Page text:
I'm not convinced that there is a film in cinema history with a better opening than Blue Velvet. The fire truck driving by, the man waving while watering his lawn, the red roses lining the white picket fences which descend underground to the world hidden by grass inhabited by insects immediately gets to the heart of David Lynch's evaluation of small towns. Showing such gleaming iconography of small-town life and the contrast of what goes on beneath the surface, a dark, violent reality covered from view is precisely the kind of microscope Lynch reveals to his audiences. In the most basic sense, Lynch warns his audience that things are not always what they seem, and there can be a whole other world hidden beneath the surface of even the most seemingly innocent place. The interplay between the most trustworthy of people and the secrets they lurk within the shadows is a constant presence in Lynch's work. Perhaps my favorite part of Blue Velvet is the fact that it sounds exactly like a David Lynch production. I'm not actually, for once, referring to Lynch's perfect sound design with ample harrowing hollow sounds filling the ears of the audience; that flawless use of sound is present in Blue Velvet, but what is so prominent to me is how much the script sounds like it came only from the pen of David Lynch. I'm no casual fan of Lynch's work, mind you; I list Eraserhead, the auteur's debut feature not only my favorite Lynch film, but my favorite film of all-time. I'm one of "those Lynch fans" that will discuss the merit of Dune and enjoyed every d*mn fine episode of season two of Twin Peaks. I worship at the altar of David Lynch and would sit through, happily, anything he decides to give us. That fandom has led me to digest hours of Lynch interviews, and I was immediately stricken by the dialogue and how much it sounded precisely like words that would come directly out of Lynch's mouth. Laura Dern's entrance from behind the trees ranks among the best film entrances, in my book. Now is probably the best time to say that Laura Dern is painfully underrated and a phenomenal actress. The Lynch color palette complete with striking, vibrant primary colors adds to the magic of a film with the name of a color in the title. Lynch is probably (look at me pretending to be objective) one of the greats at using high contrast shots to pack an extra punch in his shots and such contrast, in combination with the lighting and sound design create a complete Lynch experience even in one of his more linear productions.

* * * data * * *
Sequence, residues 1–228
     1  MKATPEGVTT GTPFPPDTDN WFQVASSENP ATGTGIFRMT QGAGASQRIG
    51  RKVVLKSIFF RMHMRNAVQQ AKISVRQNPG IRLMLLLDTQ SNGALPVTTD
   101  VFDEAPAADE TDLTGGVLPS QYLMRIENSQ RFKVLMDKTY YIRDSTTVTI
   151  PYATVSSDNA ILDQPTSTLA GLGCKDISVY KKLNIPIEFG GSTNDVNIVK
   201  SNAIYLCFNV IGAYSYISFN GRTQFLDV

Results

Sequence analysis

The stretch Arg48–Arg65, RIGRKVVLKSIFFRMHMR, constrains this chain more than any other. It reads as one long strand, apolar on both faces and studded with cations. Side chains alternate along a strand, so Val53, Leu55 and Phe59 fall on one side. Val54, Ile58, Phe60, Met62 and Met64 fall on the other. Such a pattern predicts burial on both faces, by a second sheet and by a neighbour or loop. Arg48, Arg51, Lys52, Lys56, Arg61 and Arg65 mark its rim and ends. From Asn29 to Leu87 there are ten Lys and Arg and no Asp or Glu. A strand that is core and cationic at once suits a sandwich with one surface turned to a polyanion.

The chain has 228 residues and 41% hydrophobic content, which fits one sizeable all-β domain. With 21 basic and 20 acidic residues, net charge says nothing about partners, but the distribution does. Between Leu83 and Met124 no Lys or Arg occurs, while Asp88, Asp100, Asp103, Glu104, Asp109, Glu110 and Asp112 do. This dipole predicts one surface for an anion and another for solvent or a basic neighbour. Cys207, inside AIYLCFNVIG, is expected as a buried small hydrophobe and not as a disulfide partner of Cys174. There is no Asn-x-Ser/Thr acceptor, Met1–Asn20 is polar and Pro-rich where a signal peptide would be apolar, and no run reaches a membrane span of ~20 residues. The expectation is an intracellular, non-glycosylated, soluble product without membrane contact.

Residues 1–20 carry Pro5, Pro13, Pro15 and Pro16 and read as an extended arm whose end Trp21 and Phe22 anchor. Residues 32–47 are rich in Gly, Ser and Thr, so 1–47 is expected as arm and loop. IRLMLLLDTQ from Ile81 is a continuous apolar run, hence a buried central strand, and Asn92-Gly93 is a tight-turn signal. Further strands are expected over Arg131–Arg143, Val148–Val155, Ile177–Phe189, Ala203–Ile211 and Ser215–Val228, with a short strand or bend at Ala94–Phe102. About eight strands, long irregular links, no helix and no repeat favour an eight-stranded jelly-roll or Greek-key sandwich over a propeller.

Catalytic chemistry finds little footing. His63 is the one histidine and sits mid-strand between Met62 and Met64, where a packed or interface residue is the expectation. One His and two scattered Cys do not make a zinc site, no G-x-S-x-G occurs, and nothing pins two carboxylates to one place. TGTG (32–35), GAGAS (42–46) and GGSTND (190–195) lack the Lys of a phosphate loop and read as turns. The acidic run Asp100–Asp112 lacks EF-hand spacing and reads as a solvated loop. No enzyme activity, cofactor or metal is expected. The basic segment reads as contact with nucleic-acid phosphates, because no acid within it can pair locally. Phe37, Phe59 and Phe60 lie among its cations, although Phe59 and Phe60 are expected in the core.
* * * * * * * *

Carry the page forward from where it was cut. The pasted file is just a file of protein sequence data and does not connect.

Dean Stockwell gives a haunting serenade.
Dean Stockwell gives a haunting serenade.

I watched Blue Velvet immediately after my rewatch of the first two seasons of Twin Peaks before the new episodes of The Return premiered in 2017. I need to take a quick break and point out how much I love being able to say that there are new episodes of Twin Peaks to enjoy! Anyway, I couldn't help but notice several similarities between Blue Velvet and Twin Peaks. The most notable similarity was the fact that Kyle MacLachlan played the lead in both. MacLachlan was also sleuthing in both, in Blue Velvet as a self-appointed amateur detective and in Twin Peaks as a member of the F.B.I. in both the television series and the film, the small idyllic towns were based around lumber. My favorite similarity recalls a scene from Twin Peaks in which Kyle MacLachlan's character throws stones at glass bottles, acting out a supposed Tibetan ritual of revealing answers. In Blue Velvet, MacLachlan is again seen throwing stones at glass bottles when he discovers the ear that starts his journey of investigation. Both of the Lynch works feature seemingly perfect towns with dark nefarious secrets beneath them. One final notable similarity has to do with the attention paid to robins. Every Twin Peaks fan can recall the robin with its head turned to its right that accompanies the beautiful Angelo Badalamenti score, who also scores Blue Velvet, ushering in each episode in the series. The ending of Blue Velvet also features a robin that is gazed upon by the main characters in the film as it feeds. It's fun to watch so many Lynch works back-to-back and notice the similarities in each, and it is just as fun to watch David Lynch works back-to-back for any reason as the director is responsible for some of the most striking imagery in cinema history. Upon this watch of Blue Velvet, however, which so closely followed my rewatch of Twin Peaks, allowed me to see just how much reoccurring threads pop up in Lynch's films. Although the more linear the narrative, the comparatively less I like the entries in David Lynch's filmography, the auteur is my favorite director of all time, and I am so thankful for his films and constant desire to detect what remains hidden in the world.